Back to the car in 40mins. Boots off and I was able to hit Glasgow just for the evening rush hour. Grr. Back home and I picked a Chinese takeaway. Mrs. FMF wasn’t due back till late the next day so I went into Brownie Points mode and ensured that by the time she was back I’d done all the washing from my holiday, cleaned up all the SOTA gear, put everything away and also done some hoovering and general housework.
Overall, this was the first time I came close to running out of summits. Normally my legs fail or so does the WX and so I have plenty of summits left over. This time, I was able to pick up 2 bonus activations that I thought I’d have to do much later. I was very pleased to get Mochrum Fell bagged as it is fairly awkward to get to. There are few summits to hoover up down that way still… Fell of Fleet and Blackcraig of Dee being two 1 point summits that do have a bit of a reputation for “Galloway Ground”.
I managed 10 uniques and that has made a massive dent in the remaining summits in my plan to activate all the GM/SS summits South of Edinburgh and Glasgow. I also hit activation number 500 on the activation of Beneraird. The remaining ones being:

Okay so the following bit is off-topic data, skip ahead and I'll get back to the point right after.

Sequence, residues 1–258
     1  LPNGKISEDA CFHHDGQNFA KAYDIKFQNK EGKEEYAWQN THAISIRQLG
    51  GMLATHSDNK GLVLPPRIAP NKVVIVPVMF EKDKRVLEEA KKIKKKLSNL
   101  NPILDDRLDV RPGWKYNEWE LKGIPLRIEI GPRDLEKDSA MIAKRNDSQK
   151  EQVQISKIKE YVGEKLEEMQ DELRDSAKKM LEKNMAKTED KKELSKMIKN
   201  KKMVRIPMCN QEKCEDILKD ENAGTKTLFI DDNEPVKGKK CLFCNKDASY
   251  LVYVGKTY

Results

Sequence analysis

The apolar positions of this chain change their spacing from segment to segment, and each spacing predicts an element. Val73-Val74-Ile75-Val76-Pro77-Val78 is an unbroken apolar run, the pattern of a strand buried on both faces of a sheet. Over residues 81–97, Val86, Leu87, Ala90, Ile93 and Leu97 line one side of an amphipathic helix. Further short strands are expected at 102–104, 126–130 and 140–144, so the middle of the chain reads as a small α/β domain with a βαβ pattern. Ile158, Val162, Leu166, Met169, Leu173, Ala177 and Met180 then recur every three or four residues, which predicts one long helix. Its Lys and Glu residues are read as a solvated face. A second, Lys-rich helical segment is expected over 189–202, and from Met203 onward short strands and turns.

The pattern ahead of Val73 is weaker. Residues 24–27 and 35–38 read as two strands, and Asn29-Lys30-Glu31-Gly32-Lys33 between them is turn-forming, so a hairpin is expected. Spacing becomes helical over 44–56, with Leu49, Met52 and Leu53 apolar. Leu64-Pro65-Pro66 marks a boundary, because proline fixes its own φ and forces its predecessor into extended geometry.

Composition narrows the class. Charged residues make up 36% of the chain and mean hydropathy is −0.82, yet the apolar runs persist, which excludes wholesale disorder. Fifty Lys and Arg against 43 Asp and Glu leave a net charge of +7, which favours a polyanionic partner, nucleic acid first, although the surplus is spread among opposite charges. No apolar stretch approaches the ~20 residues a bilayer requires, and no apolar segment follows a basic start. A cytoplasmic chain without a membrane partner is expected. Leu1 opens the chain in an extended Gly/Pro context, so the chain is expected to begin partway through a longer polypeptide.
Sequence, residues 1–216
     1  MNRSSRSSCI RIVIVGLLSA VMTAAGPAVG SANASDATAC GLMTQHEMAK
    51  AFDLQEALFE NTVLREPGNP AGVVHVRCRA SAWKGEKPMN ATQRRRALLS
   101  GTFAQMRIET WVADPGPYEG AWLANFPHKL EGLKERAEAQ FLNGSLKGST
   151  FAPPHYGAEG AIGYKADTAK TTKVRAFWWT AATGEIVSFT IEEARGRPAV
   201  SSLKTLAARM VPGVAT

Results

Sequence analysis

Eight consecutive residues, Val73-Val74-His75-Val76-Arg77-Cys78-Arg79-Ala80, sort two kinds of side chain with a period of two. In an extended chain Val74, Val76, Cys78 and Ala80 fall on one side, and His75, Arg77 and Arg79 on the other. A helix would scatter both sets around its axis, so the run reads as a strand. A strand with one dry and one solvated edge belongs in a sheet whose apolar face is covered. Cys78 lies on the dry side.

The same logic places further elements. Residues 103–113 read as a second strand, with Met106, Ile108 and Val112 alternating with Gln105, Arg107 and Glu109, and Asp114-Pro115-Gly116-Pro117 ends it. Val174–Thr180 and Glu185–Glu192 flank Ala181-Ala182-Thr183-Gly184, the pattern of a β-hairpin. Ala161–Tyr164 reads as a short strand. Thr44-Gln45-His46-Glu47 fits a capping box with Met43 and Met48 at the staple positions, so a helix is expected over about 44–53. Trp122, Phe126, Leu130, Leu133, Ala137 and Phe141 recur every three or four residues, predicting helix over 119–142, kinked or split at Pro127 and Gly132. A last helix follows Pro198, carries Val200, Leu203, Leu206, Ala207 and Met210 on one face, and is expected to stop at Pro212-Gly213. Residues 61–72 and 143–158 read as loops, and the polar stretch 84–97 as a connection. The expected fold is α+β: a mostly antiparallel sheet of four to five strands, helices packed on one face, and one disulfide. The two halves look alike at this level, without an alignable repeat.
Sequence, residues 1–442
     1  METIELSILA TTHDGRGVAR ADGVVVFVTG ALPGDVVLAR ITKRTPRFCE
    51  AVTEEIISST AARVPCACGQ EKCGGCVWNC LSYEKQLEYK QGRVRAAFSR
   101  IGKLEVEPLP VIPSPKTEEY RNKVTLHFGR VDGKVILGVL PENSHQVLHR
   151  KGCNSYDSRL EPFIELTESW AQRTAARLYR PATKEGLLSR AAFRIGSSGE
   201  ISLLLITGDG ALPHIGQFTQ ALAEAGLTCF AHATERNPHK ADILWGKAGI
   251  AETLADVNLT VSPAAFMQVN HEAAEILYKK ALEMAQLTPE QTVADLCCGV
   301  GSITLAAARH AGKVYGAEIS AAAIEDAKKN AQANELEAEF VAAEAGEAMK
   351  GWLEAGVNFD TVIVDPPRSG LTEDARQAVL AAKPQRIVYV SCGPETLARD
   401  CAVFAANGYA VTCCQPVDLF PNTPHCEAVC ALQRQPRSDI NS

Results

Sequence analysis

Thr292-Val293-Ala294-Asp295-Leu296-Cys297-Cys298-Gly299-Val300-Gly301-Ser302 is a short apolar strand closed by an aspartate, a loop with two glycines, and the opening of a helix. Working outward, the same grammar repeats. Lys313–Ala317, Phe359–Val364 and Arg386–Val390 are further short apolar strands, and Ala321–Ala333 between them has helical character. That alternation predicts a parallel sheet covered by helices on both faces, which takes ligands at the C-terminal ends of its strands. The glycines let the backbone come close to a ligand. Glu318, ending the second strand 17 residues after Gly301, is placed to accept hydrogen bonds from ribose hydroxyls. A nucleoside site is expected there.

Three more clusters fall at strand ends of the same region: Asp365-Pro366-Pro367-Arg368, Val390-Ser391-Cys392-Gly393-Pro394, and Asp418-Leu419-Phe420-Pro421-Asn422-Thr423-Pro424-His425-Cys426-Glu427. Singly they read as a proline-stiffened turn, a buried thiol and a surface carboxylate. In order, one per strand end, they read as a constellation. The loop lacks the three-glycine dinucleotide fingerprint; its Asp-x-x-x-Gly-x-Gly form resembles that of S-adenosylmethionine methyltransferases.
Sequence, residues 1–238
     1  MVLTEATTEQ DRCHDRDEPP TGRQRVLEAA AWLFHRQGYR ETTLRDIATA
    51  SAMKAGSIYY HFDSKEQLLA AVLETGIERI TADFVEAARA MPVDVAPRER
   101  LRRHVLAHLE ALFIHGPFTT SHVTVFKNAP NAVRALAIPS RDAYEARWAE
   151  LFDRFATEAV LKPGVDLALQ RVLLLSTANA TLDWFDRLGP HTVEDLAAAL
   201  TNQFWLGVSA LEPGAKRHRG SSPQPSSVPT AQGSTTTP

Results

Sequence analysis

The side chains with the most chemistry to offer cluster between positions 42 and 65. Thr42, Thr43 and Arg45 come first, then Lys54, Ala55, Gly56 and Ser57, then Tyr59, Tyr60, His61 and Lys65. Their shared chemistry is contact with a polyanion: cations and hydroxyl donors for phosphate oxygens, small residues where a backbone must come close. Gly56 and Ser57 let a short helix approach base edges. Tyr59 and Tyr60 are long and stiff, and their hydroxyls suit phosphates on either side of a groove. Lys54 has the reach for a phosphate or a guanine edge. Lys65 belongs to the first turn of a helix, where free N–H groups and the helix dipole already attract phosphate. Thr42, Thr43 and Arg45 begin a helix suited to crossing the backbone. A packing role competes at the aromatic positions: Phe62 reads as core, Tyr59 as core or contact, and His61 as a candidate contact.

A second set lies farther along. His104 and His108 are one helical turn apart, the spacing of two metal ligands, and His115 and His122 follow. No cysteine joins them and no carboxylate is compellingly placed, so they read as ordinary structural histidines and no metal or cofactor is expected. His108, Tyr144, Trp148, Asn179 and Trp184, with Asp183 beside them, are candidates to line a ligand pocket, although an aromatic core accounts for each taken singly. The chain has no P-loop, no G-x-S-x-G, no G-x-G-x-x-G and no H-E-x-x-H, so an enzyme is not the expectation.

Bengray (probably to be done when out contesting 6th May)
Blackcraig of Dee
Blackwood Hill (Arnton Fell)
Brown Carrick Hill
Cairnsmore of Carsphairn
Craiglee ( the other one )
Fell of Fleet
and, of course, Mulwharcher.
I need to get my mountain bike sorted as that will make a few of these much easier. I could drive up some of the forest roads in the pickup. Wear a hi-vis vest and hard hat and nobody will ask what you’re doing! But biking does seem a more wholesome way of getting about. The easiest route to Mulwharcher involves a 12k ride in. It’s getting so I can almost see the end of the task.